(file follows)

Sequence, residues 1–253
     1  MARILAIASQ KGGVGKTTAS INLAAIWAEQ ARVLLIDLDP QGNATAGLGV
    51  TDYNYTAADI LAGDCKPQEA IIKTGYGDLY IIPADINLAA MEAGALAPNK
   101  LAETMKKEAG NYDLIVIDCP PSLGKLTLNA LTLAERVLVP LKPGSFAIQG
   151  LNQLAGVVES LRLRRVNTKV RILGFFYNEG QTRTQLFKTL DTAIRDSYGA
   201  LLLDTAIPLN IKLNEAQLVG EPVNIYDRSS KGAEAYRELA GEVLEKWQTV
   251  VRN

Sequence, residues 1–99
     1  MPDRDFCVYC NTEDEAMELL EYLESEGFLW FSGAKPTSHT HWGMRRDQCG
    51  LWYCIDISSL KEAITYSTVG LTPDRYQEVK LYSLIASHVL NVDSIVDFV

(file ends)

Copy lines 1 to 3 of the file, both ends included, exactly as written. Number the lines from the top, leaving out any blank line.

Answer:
Sequence, residues 1–253
     1  MARILAIASQ KGGVGKTTAS INLAAIWAEQ ARVLLIDLDP QGNATAGLGV
    51  TDYNYTAADI LAGDCKPQEA IIKTGYGDLY IIPADINLAA MEAGALAPNK